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Inside Iran, Biden's Election Is Cause For Both Hope And Fear

Donald Trump's departure renews the possibility of talks between Washington and Tehran. But the Iranian leadership has reasons to be wary of the incoming administration in Washington.

During an anti US demonstration in Tehran, Iran in January 2020
During an anti US demonstration in Tehran, Iran in January 2020
Hamed Mohammadi

How does Iran feel about Joe Biden's victory in the recent U.S. presidential election? Depends on when you ask.

On Nov. 3, the day of the election, Foreign Minister Javad Zarif told the American broadcaster CBS that Iran sees no difference between the sitting president of the United States, Donald Trump, and his Democrat rival. But just three days later, speaking to Venezuela's TeleSUR, the Islamic Republic's top diplomat told a different story: there's "clearly" a difference between the two, he said.

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FOCUS: Russia-Ukraine War

Sergey Lavrov, Putin’s Decoy-In-Chief

The Russian Foreign Minister, among the country’s most recognizable figures, embodies both the corruption and confusion of the Putin regime. Not everything is what it seems — and that’s the point.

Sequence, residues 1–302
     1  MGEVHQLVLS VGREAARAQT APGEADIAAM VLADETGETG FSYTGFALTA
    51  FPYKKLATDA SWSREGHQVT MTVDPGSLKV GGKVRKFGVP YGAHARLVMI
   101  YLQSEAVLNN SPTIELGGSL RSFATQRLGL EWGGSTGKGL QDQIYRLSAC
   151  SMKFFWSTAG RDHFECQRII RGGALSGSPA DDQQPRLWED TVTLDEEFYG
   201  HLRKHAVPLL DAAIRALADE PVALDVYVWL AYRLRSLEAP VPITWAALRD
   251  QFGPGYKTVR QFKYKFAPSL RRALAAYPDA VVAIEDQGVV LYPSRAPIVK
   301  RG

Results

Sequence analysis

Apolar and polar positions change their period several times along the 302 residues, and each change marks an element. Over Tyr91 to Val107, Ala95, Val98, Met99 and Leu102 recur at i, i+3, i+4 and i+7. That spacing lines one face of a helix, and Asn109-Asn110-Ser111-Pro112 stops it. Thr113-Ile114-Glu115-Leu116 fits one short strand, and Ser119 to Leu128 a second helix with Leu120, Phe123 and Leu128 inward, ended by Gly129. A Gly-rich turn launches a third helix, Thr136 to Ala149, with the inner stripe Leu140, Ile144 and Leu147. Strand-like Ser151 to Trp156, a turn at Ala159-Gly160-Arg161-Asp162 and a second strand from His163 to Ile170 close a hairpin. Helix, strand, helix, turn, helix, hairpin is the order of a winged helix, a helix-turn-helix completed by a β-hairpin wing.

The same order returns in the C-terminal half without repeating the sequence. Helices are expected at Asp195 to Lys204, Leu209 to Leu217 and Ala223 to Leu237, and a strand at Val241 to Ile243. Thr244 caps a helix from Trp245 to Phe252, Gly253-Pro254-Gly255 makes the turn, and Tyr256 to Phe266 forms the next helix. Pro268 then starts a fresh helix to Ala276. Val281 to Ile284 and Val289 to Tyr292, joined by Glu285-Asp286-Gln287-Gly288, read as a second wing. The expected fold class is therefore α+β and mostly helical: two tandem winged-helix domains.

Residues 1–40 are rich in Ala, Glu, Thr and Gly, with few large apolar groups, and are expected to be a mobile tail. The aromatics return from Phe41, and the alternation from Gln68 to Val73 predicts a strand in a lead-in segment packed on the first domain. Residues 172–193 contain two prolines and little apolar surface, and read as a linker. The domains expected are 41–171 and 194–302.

Russia's Foreign Minister Sergei Lavrov attends a diplomatic reception for heads of African diplomatic missions

Anna Akage

From the outside, one might have the impression that the Russian Federation is run through a highly complex and well-coordinated apparatus that ensures that any single cog in Vladimir Putin’s system is by definition both in synch with the other cogs — and utterly replaceable. The Kremlin appears to us through this lens as an impregnable citadel with long arms and peering eyes that are literally everywhere.

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And yet, this is a completely false picture — and there’s no greater proof than in looking more closely at one of Russia's most prominent figures, Foreign Minister Sergey Lavrov.

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Central to the tragic absurdity of this war is the question of language. Vladimir Putin has repeated that protecting ethnic Russians and the Russian-speaking populations of Ukraine was a driving motivation for his invasion.

Yet one month on, a quick look at the map shows that many of the worst-hit cities are those where Russian is the predominant language: Kharkiv, Odesa, Kherson.

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